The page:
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Oligosaccharies of Normal and Malignant Cells

Ajit P Varki

1 Collaborator(s)

Funding source

National Cancer Institute (NIH)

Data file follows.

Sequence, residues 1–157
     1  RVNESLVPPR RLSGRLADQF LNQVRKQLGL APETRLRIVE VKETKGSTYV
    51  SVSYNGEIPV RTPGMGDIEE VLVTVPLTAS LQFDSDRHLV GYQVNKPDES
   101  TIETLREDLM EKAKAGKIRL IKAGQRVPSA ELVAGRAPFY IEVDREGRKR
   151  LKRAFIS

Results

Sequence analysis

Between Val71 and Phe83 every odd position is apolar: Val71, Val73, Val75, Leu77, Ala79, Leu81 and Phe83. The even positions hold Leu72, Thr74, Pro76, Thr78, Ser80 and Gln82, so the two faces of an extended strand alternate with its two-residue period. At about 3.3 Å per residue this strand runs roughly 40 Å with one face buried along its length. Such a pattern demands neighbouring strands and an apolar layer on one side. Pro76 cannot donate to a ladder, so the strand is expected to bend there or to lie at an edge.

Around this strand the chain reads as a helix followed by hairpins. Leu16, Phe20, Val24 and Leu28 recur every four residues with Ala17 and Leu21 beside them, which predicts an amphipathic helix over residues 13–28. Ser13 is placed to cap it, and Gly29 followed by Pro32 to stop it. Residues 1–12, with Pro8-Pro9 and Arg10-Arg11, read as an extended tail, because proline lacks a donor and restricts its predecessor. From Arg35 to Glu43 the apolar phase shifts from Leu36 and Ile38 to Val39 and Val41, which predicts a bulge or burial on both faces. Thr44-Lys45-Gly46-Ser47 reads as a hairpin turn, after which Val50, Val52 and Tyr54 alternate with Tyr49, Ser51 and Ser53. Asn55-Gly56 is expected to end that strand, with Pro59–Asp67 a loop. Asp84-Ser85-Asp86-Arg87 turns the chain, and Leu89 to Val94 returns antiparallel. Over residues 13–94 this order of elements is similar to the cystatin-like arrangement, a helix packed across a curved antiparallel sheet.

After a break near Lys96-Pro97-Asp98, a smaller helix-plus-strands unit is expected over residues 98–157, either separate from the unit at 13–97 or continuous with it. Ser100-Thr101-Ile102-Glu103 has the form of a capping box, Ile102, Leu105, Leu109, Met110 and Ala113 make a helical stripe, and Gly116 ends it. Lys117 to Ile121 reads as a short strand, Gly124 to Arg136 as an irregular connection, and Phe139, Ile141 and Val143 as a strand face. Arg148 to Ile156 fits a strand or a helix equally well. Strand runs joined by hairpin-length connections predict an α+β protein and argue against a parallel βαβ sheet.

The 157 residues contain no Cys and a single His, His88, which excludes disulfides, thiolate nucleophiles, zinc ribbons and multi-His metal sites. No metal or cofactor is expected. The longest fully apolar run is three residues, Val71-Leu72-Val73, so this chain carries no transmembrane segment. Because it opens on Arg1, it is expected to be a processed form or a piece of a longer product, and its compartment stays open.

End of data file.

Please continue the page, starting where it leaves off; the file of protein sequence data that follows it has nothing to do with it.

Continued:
The long-term theme of this grant has been to compare and contrast oligosaccharides (glycans) of normal and malignant cells, and to define the pathological and therapeutic significance of the differences. Sialic acids (Sias) are attached to underlying glycans in various linkages, and can be modified in several ways. Altered expression of specific types and linkages of Sias are prominent features of human and murine tumors. All work in our lab is now focused on the biology and evolution of Sias and Sia-binding proteins in health and disease. Thus, the recent focus of this grant has been on "tumor-specific" changes in Sia-terminated glycans, and on their interactions with Sia-binding proteins such as Selectins and Siglecs. During the last funding period we completed all of our previously stated aims on Selectins and on alpha2-6-linked Sias in cancer, and also generated novel data about a human-specific diet- and antibody-mediated mechanism for chronic inflammation in tumor progression. The latter involves human metabolic incorporation of the non-human sialic acid N-glycolylneuraminic acid (Neu5Gc) from dietary sources (primarily red meats), in the face of human-specific circulating anti-Neu5Gc antibodies. We also now have preliminary evidence for a second mechanism of human-specific chronic inflammation, involving the reduced expression of inhibitory CD33-related Siglecs (CD33rSiglecs) on leukocytes. Given the known importance of chronic inflammation in carcinoma progression, these two human-specific mechanisms may help explain the unusual propensity of humans (as compared to other primates) to develop carcinomas, and have possible relevance for diagnosis, prognosis and therapy. Thus, the current proposal will focus only on the human-specific changes in Sia biology. The general hypothesis is that the human propensity to develop carcinomas is partly related to Neu5Gc incorporation into tumors in the face of anti-Neu5Gc antibody production, and also to relative leukocyte over-reactivity, arising due to human-specific reduction of CD33rSiglec expression. Our studies will focus on carcinomas of human or syngeneic mouse origin - growing in Cmah-/- mice with a human-like defect in Neu5Gc production and/or in mice with deletions or over-expression of myelomonocytic CD33rSiglecs. We will further explore the significance of Neu5Gc incorporation into primary and metastatic tumors in Cmah-/- mice, in the face of circulating anti-Neu5Gc antibodies, and use mouse models to explore the role of human myelomonocytic cell over-reactivity associated with reduced CD33rSiglec expression in chronic inflammation and progression of primary and metastatic human tumors. Finally, we will ask if the combination of Neu5Gc and anti-Neu5Gc antibodies interactions along with Siglec-deficiency-related myelomonocytic cell hyper-reactivity has even greater facilitating effect on progression of carcinomas. As time allows, we will also do pilot studies of human tumor samples for Neu5Gc expression and infiltrating leukocyte Siglec expression to see if either or both are predictive of prognosis and/or disease progression.

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